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How delicious are those little rolls?! Hippos can spend up to 16 hours every day in the water, according to National Geographic, and Lowry Park Zoo's newest pygmy hippo already looks right at home. "These guys are born to swim, and she got right into the water and [started] swimming around. Very natural — it comes very natural to them. She's not having any problem navigating the pool," Massaro said in a video interview on the Lowry Park Zoo Facebook posted at the beginning of December.
Eagle-eyed readers may have noticed that Massaro seemingly referred to the calf as "she." Was that an early Christmas present to people who were paying close attention?
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Though this little nugget is only 35 pounds, she will eventually grow to be between 350 and 600 pounds and stand three feet tall — not so pygmy if you ask us!
That said, female Nile hippos — which is what Fiona the hippo is — weigh an average of 3,000 pounds, and male Nile hippos
breaktip the scales at anywhere between 3,500 and 9,200 pounds. Really puts things in perspective, doesn't it?
In addition to the size difference, another point of contrast between pygmy hippos and their larger relatives is the mouth shape; the pygmy hippopotami have a narrower mouth.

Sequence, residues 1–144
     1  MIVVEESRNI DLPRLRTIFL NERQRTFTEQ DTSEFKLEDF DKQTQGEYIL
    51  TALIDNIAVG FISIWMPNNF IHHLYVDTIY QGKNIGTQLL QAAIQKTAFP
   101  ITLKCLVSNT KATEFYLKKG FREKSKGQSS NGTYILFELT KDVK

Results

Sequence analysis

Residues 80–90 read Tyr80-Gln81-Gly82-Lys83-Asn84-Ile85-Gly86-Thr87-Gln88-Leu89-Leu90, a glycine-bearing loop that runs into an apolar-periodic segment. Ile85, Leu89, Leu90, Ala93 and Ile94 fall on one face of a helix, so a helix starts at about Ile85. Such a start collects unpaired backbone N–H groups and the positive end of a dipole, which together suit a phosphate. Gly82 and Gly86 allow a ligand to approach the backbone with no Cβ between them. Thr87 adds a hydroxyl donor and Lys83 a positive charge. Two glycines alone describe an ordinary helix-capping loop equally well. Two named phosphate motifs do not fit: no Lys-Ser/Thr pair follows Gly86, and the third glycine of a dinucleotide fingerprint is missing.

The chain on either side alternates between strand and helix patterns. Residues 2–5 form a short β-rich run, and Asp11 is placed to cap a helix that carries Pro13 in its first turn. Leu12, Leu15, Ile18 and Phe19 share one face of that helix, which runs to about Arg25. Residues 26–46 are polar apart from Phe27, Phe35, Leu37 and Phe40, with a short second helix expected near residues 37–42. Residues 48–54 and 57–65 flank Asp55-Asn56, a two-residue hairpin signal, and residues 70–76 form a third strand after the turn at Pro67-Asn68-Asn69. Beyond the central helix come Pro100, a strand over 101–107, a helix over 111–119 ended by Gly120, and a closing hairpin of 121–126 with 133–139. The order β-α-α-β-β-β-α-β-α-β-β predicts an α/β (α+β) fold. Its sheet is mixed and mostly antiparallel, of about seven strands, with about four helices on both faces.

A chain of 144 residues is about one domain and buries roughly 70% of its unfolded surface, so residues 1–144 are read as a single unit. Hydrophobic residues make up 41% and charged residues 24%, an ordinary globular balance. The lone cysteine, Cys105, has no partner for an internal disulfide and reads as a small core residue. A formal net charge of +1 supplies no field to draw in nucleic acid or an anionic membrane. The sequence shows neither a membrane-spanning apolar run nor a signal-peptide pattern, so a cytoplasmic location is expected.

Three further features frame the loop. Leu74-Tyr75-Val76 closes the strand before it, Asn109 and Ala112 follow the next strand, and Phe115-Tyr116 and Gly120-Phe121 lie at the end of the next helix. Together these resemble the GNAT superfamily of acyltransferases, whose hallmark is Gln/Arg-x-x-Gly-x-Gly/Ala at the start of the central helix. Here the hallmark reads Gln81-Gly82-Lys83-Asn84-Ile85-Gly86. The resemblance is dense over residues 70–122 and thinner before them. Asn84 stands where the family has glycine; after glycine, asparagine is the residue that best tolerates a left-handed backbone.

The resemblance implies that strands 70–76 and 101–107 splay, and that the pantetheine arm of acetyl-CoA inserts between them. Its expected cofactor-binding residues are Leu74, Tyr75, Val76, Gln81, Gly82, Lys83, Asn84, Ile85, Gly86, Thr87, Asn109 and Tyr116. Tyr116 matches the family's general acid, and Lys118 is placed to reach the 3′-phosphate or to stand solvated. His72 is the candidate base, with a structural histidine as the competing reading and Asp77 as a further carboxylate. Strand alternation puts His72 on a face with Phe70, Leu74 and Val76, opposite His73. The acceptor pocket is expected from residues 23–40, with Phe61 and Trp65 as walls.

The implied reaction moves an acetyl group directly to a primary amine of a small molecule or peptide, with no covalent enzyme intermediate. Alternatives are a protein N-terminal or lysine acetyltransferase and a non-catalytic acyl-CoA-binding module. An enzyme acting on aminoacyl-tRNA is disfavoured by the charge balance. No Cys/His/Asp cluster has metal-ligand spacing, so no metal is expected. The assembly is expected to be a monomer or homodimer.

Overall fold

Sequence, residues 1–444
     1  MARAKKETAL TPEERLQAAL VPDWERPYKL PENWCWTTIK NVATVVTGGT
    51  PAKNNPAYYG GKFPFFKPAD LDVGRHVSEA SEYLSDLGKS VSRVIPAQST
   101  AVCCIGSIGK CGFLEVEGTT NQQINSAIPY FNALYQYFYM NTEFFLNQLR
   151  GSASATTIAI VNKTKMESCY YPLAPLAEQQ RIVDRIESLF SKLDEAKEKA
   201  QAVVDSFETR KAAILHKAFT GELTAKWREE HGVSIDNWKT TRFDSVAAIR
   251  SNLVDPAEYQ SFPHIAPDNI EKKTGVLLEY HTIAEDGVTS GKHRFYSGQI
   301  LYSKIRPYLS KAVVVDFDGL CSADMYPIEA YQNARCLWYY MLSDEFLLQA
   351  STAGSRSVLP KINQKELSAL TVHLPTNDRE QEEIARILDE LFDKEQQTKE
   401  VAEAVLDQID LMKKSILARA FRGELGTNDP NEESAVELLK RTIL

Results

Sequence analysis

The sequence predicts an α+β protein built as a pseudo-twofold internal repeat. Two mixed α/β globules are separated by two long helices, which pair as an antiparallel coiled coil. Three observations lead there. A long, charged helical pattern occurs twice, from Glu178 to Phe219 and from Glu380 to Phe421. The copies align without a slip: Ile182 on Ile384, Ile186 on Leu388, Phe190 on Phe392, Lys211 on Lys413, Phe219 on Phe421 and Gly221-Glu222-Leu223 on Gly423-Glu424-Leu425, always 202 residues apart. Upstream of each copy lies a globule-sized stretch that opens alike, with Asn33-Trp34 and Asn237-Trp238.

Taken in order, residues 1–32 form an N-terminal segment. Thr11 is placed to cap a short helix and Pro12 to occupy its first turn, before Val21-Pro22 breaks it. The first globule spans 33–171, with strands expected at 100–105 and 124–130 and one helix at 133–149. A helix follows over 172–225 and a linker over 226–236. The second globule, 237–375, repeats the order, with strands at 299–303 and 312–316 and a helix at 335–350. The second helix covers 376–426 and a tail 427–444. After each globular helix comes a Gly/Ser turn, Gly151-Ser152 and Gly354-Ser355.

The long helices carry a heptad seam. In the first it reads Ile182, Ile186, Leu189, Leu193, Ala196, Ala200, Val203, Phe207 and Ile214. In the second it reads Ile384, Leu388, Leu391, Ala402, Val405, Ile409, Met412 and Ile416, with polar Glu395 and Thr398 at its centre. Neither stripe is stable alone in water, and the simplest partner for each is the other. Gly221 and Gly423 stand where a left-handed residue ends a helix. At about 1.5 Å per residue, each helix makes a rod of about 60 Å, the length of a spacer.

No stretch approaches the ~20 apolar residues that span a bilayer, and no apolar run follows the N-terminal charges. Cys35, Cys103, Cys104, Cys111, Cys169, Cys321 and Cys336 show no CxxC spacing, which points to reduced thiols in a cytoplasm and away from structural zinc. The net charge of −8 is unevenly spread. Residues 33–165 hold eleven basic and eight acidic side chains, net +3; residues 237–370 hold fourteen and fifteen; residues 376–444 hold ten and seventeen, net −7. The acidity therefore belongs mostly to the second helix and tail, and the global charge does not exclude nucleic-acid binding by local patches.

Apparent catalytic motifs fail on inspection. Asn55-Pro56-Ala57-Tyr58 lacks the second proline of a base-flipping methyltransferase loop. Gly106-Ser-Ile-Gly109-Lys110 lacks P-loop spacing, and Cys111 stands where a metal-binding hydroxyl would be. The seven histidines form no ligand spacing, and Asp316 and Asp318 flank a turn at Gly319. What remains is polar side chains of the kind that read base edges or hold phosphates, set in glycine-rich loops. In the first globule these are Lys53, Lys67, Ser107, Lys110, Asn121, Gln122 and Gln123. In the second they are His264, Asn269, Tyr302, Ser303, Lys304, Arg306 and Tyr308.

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Pygmy hippos breed as monogamous pairs, and Zsa Zsa's mate is Pogo, another male pygmy hippo. Though the common hippopotamus can only mate and give birth in the water, pygmy hippos can do both either on land or in the water. A pygmy hippo's gestational period typically lasts between 190 and 210 days — about six months.
Zsa Zsa also gave birth in 2014 to a girl. The zoo held an online poll to decide the calf's name, and "Zuri," an African word meaning "beautiful," won the popular vote. According to the zoo's website, "Zuri loves her mom, the pool, and naps in the sunshine!" Us too, Zuri. Us, too!
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According to the zoo, pygmy hippos are much rarer than their Nile hippo relatives, and they prefer to live in solitary rather than in large pods. You can find pygmy hippos in their natural habitat mainly in Liberia and West Africa, as well as pockets of the surrounding countries.
These nocturnal creatures are considered endangered, and some estimates put the number of pygmy hippos left in the wild at around 2,000. Experts blame the loss of habitat as well as a the fact that hippos are hunted for their meat for the decline in numbers. How could you eat something so cute?!
Fortunately, programs like the one at Lowry Park Zoo are determined to help bring those numbers back up, which is why the birth of this little calf is such a big (and cute!) deal.
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Though we love the name Holly Berry, some of our other favorite suggestions included the names
Betty, Betsy, Henrietta, Noodle, Ollie, Pickle, Shrek, and Teeny. Shrek probably would have worked best if Holly were a boy, but we still think its kinda fun! Do you like Holly Berry or would you have chosen something else?